Lucinda Carpenter, Tweeter, and Abigail Forrester

Noteworthy Research: Does Twitter Make It So?

Preliminary results from a fascinating study has us wondering. How often is it that Twitter makes research noteworthy? Ricardo Ladeiras-Lopes and colleagues randomized 534 research papers in journals of the European Society of Cardiology (ESC) to receive promotion on Twitter or not. In this analysis, Twitter produced a 43 percent bump in citations for articles in the Twitter group. Altimetric attention scores went up, too.

“Tweets matter,” says Allan Davies in a commentary on the study. Davies is Associate Editor of the European Heart Journal, which published this paper.

Preliminary Results

These are preliminary results. The full analysis, due next year, will include a total of 696 papers and two years of follow-up. This paper provides the results of a six-month interim analysis.

It’s worth noting that the randomization of Twitter activity was limited to activity by the publisher. Obviously, these researchers could not control what other Twitter users do. But they did control Twitter activity by the ESC journals. Thus, some of the articles in the control group might have received attention because of Twitter activity. Any of that activity would have been by tweeting independent of the journal, though.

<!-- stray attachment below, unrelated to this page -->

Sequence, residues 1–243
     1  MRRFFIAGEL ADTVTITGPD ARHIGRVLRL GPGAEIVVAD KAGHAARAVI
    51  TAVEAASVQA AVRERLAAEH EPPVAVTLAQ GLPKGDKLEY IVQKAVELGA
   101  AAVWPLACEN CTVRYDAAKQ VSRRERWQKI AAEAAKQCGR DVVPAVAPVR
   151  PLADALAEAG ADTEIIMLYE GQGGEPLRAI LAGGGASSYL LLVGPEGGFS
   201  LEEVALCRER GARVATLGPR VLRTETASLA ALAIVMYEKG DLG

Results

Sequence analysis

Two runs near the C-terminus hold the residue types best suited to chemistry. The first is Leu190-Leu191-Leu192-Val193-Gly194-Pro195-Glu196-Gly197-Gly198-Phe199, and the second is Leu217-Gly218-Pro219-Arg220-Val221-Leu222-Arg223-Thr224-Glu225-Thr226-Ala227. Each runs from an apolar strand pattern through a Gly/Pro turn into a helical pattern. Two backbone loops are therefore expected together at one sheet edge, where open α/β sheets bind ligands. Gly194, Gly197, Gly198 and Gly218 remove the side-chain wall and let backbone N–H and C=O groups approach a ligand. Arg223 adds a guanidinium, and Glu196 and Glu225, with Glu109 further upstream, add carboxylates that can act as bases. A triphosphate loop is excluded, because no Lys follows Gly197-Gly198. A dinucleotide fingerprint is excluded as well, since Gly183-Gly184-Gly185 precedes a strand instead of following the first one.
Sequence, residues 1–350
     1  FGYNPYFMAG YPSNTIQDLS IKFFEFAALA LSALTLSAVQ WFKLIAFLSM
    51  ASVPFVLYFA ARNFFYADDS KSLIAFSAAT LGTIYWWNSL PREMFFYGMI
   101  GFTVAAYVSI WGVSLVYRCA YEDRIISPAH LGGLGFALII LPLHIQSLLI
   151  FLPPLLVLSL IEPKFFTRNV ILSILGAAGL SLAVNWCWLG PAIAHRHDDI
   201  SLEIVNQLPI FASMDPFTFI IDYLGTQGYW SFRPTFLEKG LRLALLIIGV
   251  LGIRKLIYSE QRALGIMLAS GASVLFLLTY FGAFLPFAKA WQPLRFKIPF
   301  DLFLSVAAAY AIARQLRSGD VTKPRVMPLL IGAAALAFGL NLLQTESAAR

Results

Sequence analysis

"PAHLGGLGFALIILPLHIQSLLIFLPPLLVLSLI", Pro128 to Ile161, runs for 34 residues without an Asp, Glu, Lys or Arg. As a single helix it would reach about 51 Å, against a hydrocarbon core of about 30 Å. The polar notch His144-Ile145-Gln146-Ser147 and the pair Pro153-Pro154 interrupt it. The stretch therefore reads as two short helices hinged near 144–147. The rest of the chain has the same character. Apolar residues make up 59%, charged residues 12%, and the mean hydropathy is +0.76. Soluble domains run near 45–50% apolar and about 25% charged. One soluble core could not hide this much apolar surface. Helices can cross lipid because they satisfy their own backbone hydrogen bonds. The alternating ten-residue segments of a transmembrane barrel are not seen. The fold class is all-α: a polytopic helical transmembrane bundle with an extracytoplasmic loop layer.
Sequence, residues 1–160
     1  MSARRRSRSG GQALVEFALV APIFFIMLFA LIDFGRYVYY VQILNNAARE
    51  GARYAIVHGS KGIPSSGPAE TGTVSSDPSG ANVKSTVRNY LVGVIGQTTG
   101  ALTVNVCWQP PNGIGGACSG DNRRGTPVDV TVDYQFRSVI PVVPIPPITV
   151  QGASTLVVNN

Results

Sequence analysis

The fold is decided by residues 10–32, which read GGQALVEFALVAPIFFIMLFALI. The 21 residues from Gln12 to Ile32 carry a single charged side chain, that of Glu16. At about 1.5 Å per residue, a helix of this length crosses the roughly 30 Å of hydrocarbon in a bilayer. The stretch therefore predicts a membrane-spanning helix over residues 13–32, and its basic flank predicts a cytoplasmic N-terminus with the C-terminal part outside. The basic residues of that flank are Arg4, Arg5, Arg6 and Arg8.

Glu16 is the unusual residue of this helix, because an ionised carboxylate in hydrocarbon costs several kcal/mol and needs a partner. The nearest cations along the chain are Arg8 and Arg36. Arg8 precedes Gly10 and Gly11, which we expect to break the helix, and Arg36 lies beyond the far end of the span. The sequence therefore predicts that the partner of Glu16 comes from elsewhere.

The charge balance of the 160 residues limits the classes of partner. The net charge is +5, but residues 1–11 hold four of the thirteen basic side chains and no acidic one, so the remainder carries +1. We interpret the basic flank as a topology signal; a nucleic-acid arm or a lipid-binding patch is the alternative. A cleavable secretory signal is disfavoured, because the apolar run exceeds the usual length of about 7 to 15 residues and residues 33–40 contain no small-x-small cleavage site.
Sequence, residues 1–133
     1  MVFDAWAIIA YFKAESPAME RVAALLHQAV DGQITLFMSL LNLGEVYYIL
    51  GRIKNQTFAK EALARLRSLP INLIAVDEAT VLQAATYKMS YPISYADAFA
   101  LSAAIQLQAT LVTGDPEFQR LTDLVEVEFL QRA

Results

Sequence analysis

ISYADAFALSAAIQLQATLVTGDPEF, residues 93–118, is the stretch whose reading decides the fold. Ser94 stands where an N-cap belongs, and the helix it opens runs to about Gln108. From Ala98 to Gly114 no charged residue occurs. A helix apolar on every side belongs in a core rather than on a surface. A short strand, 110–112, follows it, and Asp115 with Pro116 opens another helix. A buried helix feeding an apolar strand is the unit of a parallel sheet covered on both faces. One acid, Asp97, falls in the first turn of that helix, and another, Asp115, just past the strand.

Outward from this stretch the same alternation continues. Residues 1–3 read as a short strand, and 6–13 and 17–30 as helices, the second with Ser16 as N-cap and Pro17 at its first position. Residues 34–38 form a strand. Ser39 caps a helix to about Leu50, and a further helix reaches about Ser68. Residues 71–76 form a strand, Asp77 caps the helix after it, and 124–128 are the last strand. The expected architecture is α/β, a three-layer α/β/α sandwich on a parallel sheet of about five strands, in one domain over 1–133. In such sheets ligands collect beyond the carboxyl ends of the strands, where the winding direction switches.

So really, this particular study is a test of how important a journal’s Twitter strategy is.

A Step Up from Political Twitter

If you are thinking that Twitter is distasteful, you have good reason. Political discourse on Twitter can be revolting. But in his editorial, Davies points out that academic Twitter is different. The quality and tone is very collegial, he says.

Furthermore, drawing attention to important research is hardly the only benefit. Davies sees a discussion of new information with quality that “complements and often surpasses content that is presented at major meetings.”

But perhaps most important is the peer review that is happening on Twitter. Davies cites examples of issues with papers that Twitter discussions have flagged, leading to prompt corrections.

So if you think that Twitter is all about crazed politicians, outlandish ideas, and ad hominem attacks, think again. Academic Twitter has a growing role.

Click here for the study by Ladeiras-Lopes et al and here for the commentary by Davies. For more on Twitter, research, and researchers, click here, here, and here.

Lucinda Carpenter, Tweeter, and Abigail Forrester, silhouette by Auguste Edouart / WikiArt

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October 1, 2020